There are two aspects of magnetic Electrostatic Force, which builds up a charge in an object and can travel in the form of an electron stream Magnetic Force, which is responsible for the way magnets work
But even though their effects look very different to us they are in fact one in the same.
Electromagnetism acts on objects that have electric charge. This charge creates a field around an object, but a magnetic field is a little different from an electrostatic field.
For starters, unlike a charged particle, which can either be positive or negative, a magnetic has both a positive and negative area, what we most commonly refer to as the North and South Poles.
Magnets always have both poles, no matter how many tiny pieces you can cut them into, but magnetic poles interact very much like single pole charged particles. The same poles repel each other and the opposites attract.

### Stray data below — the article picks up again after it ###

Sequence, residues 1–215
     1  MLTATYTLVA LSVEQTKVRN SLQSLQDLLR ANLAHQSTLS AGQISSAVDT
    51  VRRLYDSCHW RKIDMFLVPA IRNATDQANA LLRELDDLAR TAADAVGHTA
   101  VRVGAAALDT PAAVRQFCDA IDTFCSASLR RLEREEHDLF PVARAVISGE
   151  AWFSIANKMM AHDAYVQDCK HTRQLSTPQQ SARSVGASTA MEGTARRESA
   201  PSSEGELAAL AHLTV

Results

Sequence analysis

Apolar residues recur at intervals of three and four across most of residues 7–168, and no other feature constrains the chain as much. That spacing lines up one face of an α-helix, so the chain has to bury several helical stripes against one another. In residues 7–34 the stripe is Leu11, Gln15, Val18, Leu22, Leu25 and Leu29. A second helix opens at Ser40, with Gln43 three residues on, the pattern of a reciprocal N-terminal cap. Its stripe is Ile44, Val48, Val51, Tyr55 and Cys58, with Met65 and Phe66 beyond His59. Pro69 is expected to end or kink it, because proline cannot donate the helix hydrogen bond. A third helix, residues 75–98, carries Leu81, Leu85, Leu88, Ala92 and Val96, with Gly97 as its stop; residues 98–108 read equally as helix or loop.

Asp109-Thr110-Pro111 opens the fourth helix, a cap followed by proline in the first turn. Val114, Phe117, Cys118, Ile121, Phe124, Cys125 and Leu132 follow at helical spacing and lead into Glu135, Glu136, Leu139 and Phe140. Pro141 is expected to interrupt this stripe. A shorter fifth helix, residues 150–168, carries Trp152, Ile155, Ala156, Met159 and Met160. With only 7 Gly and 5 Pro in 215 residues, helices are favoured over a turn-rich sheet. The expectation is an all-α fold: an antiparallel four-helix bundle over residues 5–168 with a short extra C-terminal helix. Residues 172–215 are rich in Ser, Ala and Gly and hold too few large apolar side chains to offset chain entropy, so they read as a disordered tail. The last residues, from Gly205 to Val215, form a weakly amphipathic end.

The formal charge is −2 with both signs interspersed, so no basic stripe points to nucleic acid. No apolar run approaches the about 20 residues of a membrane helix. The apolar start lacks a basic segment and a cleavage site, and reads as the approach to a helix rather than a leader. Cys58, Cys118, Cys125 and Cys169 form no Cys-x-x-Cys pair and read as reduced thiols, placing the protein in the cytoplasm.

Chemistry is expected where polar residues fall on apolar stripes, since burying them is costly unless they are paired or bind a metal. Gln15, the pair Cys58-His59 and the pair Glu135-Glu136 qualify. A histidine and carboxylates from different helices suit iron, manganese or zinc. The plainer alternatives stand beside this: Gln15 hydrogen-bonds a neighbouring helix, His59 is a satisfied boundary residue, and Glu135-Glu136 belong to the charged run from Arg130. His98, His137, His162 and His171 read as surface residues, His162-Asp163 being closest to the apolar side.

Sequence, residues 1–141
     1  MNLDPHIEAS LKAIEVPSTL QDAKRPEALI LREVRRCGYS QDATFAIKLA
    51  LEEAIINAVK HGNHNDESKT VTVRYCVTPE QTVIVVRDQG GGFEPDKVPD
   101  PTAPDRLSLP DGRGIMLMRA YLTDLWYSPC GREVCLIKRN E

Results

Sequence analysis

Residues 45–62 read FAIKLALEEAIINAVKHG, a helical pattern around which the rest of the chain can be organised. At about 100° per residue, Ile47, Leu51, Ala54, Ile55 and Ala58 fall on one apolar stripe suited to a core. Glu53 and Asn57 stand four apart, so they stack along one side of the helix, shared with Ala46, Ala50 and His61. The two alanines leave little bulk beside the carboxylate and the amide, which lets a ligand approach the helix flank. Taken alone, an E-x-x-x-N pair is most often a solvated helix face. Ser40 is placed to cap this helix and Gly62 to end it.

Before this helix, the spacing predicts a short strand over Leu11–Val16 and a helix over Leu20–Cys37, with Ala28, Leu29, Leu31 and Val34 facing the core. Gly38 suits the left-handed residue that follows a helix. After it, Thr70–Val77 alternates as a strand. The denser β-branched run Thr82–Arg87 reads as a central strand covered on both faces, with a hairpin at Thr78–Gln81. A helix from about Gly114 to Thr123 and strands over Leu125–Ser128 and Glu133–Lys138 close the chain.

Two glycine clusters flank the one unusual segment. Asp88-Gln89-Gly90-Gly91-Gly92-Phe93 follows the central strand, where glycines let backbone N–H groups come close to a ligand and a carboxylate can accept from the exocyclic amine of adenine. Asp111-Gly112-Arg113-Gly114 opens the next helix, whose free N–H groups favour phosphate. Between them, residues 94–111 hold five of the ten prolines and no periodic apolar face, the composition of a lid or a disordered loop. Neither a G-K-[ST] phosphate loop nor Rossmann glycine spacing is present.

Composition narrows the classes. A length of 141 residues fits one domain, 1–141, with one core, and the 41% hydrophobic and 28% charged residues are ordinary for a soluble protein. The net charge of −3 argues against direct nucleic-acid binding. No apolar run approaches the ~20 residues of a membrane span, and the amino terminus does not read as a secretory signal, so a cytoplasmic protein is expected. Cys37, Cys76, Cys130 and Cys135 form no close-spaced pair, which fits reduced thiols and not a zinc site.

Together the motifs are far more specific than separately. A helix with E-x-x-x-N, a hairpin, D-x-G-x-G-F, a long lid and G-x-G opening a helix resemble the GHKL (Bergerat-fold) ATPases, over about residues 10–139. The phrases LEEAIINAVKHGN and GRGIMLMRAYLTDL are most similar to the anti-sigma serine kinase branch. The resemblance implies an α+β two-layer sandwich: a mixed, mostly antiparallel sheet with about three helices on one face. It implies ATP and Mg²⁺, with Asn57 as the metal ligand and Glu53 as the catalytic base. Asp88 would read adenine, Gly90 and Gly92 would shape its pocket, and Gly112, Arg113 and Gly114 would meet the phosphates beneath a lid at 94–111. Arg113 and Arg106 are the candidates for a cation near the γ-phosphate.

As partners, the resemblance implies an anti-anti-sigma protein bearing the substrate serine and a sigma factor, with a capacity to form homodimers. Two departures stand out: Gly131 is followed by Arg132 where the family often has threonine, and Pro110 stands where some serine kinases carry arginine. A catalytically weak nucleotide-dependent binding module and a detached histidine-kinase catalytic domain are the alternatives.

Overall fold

Just like electrostatic force, because they are the same force, magnetic force is carried between objects by photons.
To demonstrate that electrostatic and magnetic are in fact the affects of the same force; you can create magnetism in electricity.
A simple electromagnet is just a coil of wire, which when a current is passed through it, it generates a magnetic field.
I made one myself, passing an electric current through a wire with a nail or a screw in my case.
Switch the current on (placing the two ends of the wire on the top and bottom of the battery) and the screw becomes a magnet. Switch it off and the magnetism disappears.
Magnets on your fridge are made basically the same way, only with a lot more electrical power, using special materials to retain the magnetism.
And hey! You know what else is an electromagnet, you’re living on one, the constant churning of the molt and Iron, in the Earth’s outer core creates